I've been following a micro-irrigation list serve (discussion group) for maybe 3 years now.  It has been personally organized and run by a person in academia and has been focused soley on the technology and science of micro irrigation - promoting all the positives as well as seeking solutions for all the not so positives.  A ton of fair, honest and unfettered discussion has been had since I've joined.  But alas, due to personal reasons the group inventor is stepping down and after few offers to take over the discussion group, he is allowing Toro Micro, a commercial company that develops and sells SDI equipment, to assume the helm. 

And was I ever surprised at the very first "new regime" post.  Tom, representing an engineering and design company promoting, selling and installing smart irrigation systems for business and agriculture (SDI elements included) says (paraphrasing):  "let me be among the first to begin a new thread".   He goes on:
This year, I have attended a few conferences (Park City, UT, and Las Vegas), as well as attended NRCS State Technical Advisory Committee meetings. A couple of presentations were shaded with tones of non-denial that agriculture holds the most potential for really dramatic water and energy optimizations and risk/uncertainty reductions, affecting the nation as a whole.  I would like to report that bold and unified action plans are being developed to boldly transition irrigated agriculture in the West to precision irrigation/fertigation.

But what good is all our enlightened chats if the majority of producers ONLY wish to irrigate and fertilize like their pappy did back in the 1950’s, no rank belittlement intended? Do we need a T. Roosevelt to get irrigation districts, and their stockholders, and the Fed., as well as serious, national agribusiness contributions to rally and unite, towards wide-scale, pressurized network infrastructure and on-farm sensor-based, adaptive management automation….across virtually all of the 17 western states?
Who can't see where this group is headed?  Those who feel that new irrigation technology needs to hold up a minute until government can place appropriate controls on the conversions to ensure no increases of consumptive water use will need to catch their collective breaths - or start monitoring this discussion and demanding some collaboration.

Converting all irrigation water use to higher application efficiencies and then addressing the water supply problem is a huge mistake.  All the capitalization makes subsequent management more difficult than it already is.  The capped water supply issues need to be addressed first, then the conversions.  Yes, the order of implementation does make a difference.  Oh well, just another day in the water management business.

Sunday, November 8, 2009

God Forbid California Should Look Elsewhere for Direction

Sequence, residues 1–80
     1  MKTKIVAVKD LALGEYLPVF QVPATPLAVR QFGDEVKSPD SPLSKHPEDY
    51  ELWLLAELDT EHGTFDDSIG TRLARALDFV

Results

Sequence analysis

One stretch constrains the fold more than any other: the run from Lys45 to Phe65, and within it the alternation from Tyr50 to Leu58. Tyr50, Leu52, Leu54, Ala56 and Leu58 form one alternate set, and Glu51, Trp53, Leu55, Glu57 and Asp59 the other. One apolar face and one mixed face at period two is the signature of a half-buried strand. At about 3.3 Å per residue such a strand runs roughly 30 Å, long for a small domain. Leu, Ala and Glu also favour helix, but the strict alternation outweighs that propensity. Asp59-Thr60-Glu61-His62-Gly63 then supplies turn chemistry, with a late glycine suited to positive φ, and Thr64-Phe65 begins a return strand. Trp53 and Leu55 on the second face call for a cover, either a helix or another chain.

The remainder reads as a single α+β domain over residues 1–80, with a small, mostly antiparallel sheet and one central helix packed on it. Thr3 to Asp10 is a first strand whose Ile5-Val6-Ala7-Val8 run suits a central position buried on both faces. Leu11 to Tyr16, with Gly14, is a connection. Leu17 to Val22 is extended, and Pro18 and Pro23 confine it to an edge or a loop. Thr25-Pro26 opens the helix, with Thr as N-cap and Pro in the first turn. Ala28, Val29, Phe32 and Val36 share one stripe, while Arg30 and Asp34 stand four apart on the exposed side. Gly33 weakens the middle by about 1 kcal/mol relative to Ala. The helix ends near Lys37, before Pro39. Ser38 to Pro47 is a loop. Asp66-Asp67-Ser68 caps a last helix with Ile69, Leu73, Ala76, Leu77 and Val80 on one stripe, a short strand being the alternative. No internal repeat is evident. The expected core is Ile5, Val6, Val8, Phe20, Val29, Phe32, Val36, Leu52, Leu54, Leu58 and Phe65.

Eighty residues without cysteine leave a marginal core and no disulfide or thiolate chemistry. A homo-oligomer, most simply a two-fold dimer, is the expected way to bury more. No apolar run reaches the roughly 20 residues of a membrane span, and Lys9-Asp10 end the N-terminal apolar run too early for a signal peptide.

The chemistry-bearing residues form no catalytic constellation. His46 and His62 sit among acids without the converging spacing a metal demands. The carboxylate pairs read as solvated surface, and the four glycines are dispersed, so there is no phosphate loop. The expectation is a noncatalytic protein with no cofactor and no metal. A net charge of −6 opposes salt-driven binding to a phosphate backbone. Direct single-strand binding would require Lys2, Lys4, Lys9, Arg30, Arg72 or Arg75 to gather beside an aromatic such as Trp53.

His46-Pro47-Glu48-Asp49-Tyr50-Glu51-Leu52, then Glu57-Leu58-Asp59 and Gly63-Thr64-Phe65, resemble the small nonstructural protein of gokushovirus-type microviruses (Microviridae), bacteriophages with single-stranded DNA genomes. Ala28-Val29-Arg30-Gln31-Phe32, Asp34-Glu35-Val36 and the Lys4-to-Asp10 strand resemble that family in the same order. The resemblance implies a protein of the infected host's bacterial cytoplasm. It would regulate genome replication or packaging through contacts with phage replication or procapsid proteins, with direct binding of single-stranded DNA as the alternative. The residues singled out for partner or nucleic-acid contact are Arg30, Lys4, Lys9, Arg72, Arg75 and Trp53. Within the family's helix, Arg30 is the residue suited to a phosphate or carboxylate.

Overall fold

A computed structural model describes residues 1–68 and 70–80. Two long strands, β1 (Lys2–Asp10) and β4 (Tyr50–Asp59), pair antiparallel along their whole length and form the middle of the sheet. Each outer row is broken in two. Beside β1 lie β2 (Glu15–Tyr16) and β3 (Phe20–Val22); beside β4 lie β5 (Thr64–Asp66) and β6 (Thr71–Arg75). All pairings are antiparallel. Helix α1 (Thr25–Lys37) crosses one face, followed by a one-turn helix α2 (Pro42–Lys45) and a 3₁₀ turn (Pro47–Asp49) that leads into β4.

Sometimes I just don't get it.  An inordinately large amount of the water news over the past several months has been on the California situation.  A lot of the criticism has been over the lack of water monitoring and measurement (metering) especially groundwater by agriculture - the group that uses most of the state's water.  It's like no one else in the world has any water problems quite as large, or complex and pressing, or, has any solutions that California would remotely be interested in.

For the Californians in the audience, I'd like to offer that Kansas has been monitoring water use since the mid 1970s, took significant strides to improve that monitoring in the late 1980s, and began metering all non-domestic wells in selected areas in the late 1990s.  Today, Kansas has some of the best (most complete and accurate) water use reporting - especially for irrigation and municipal water use - in the country.  Review some of these reports at your leisure KWO Water Use Reports and assess for yourself how useful this data might be for yourself.  And the data itself is also available to the public on a website maintained by the Kansas Geological Survey - WIMAS.  This data on water rights and reported water use is uploaded every day from the Division of Water Resources.  And finally, KGS also maintains the obervation well network on about 1,700 water level measurements taken each year in Kansas (KS Water Level Data).  And Kansas likely is not the only western state that has been monitoring its water resources and use.

Having been through most of Kansas' program development, I'll admit that it was not always that easy and wasn't particularly popular with the water users, but now that it's been done, most everyone recognizes the benefits and appreciates the fairness of it all.  The most common comment I get now is:  "Why didn't we do this 25 years ago?"  I guess it's none of my business what California chooses to do or not do, so I'll just sit back and watch as they continue to argue over what probably is the most important thing they could possibly do with regard to their water resource and its allocation, management and conservation.  Should eventually keep the water lawyers very busy, though.